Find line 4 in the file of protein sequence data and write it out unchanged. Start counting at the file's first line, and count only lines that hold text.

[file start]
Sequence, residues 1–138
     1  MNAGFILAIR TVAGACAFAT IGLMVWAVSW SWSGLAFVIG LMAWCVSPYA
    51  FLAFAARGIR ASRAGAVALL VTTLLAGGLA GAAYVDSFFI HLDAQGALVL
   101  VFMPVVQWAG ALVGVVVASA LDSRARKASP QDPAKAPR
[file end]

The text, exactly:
   101  VFMPVVQWAG ALVGVVVASA LDSRARKASP QDPAKAPR